NEW BETHLEHEM — Ninety-seven New Bethlehem and surrounding area residents attended a three-hour seminar on mass violence on Jan. 9. The free event was sponsored by the New Bethlehem Volunteer Fire Department.
Presenter Greg Agosti was gratified by the large turnout.
Agosti is a Pennsylvania state trooper and runs Agosti Emergency Preparedness Solutions, Kersey, as a sideline business.
“This started out as the usual class I teach to emergency responders, and it is based on a course developed by Butler County Community College,” he said. “But when the fire department here told me about how many regular citizens had signed up, I tweaked the content a little for their benefit.”
Agosti told the group that active shooters are here to stay, and the public needs to be prepared. It is on everyone’s mind.
“There is no government official who can wave a magic wand and make it go away,” he said. “There is a lot of hate out there.”
The intensive seminar covered a lot of ground between 6:30 and 9:30 p.m. Being aware of one’s surroundings and the people in it, how to react when the police show up after a shooting and the role of ordinary citizens in saving victims were major talking points.
Agosti dealt first with the role that social media often plays in acts of mass violence. On the other hand, there are dedicated law enforcement officers who use it for gathering useful intelligence. Potential perpetrators often telegraph their intent.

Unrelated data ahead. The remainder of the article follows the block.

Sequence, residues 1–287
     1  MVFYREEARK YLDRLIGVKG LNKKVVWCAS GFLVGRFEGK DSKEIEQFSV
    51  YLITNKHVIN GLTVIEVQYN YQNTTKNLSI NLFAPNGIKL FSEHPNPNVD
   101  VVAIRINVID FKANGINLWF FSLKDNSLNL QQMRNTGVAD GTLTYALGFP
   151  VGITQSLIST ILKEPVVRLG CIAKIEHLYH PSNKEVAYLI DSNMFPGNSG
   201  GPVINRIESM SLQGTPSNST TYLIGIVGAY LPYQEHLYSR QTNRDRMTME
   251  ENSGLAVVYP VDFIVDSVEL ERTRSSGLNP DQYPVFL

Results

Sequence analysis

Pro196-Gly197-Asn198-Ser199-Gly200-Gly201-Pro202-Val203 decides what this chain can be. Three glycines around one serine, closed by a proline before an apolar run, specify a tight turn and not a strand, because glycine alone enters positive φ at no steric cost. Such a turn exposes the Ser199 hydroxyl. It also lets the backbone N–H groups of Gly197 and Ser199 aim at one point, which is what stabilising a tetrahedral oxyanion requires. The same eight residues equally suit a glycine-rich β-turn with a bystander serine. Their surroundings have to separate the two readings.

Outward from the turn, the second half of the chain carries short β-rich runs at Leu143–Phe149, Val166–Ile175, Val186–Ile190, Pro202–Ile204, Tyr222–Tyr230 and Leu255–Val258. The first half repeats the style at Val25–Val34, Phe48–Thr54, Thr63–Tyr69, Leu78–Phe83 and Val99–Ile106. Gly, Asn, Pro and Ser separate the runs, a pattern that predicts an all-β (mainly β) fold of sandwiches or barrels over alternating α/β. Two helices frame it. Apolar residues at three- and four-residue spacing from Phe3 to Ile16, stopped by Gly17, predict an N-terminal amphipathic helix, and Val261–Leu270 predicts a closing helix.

He also spoke of the methods that ordinary people can use to spot trouble before it happens. Situational awareness decreases dramatically when people are staring at their electronic devices while in public. Checking smart phones can wait until the user is in a safer space, Agosti said.
Most active-shooter incidents take less than 15 minutes from the first shot to the last. And while 277 people died between 2000 and 2018, the vast majority of attacks are thwarted before anything happens.
During the second half of the seminar, Agosti provided useful tactics if confronted by a shooter. He discussed the three most-common tactics for surviving a mass shooting. These are “run, hide, fight.”
“But if you choose to hide, stay hidden,” he said. “Something we found out after the Pittsburgh synagogue shooting was that one victim hid in a closet, peeked out to find out what was happening and then was shot by the gunman.”
Agosti urged the attendees to remain hyper-aware in the aftermath of an attack. Attackers may try to blend in with victims and catch a ride in an ambulance to a hospital in order to claim more victims. Emergency responders are sometimes targeted in the second phase of an organized attack, making initial scene size-up a vital part of preventing injuries and deaths among police, firefighters and EMTs.
He also told those attending that law enforcement officers’ primary job after arriving at the scene is to get the bad guy. There is no time to tend to the wounded, and trained bystanders can make the difference in saving lives before emergency services show up.
In a brief after-class interview, Agosti said that he provides seminars about improvised explosive devices, too, but there does not seem to be much interest in them at present. He reiterated his pleasant surprise at the large turnout.
“It seems that this area is taking mass violence very seriously, especially the church groups who showed up this evening,” he said. The seminar was held only a few days after a lone gunman in Texas disguised himself with a large fake beard, entered a church sanctuary and gunned down several members attending Sunday services.
“We say it all the time,” Agosti said. “See something, say something.”